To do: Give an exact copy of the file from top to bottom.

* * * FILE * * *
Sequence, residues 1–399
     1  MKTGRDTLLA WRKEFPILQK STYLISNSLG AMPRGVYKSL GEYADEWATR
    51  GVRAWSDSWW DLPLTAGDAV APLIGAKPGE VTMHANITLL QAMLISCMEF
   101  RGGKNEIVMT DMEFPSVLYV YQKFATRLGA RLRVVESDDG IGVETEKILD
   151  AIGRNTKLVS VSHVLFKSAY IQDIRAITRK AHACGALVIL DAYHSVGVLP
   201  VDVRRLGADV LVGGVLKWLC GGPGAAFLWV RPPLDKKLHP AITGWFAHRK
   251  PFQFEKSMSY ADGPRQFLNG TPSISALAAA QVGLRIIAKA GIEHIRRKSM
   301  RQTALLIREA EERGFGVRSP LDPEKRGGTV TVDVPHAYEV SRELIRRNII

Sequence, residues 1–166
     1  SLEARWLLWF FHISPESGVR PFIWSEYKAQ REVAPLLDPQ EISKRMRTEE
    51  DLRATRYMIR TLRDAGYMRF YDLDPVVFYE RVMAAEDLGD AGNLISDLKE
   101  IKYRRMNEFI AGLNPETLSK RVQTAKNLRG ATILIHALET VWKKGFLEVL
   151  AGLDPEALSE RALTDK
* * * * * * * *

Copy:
Sequence, residues 1–399
     1  MKTGRDTLLA WRKEFPILQK STYLISNSLG AMPRGVYKSL GEYADEWATR
    51  GVRAWSDSWW DLPLTAGDAV APLIGAKPGE VTMHANITLL QAMLISCMEF
   101  RGGKNEIVMT DMEFPSVLYV YQKFATRLGA RLRVVESDDG IGVETEKILD
   151  AIGRNTKLVS VSHVLFKSAY IQDIRAITRK AHACGALVIL DAYHSVGVLP
   201  VDVRRLGADV LVGGVLKWLC GGPGAAFLWV RPPLDKKLHP AITGWFAHRK
   251  PFQFEKSMSY ADGPRQFLNG TPSISALAAA QVGLRIIAKA GIEHIRRKSM
   301  RQTALLIREA EERGFGVRSP LDPEKRGGTV TVDVPHAYEV SRELIRRNII

Sequence, residues 1–166
     1  SLEARWLLWF FHISPESGVR PFIWSEYKAQ REVAPLLDPQ EISKRMRTEE
    51  DLRATRYMIR TLRDAGYMRF YDLDPVVFYE RVMAAEDLGD AGNLISDLKE
   101  IKYRRMNEFI AGLNPETLSK RVQTAKNLRG ATILIHALET VWKKGFLEVL
   151  AGLDPEALSE RALTDK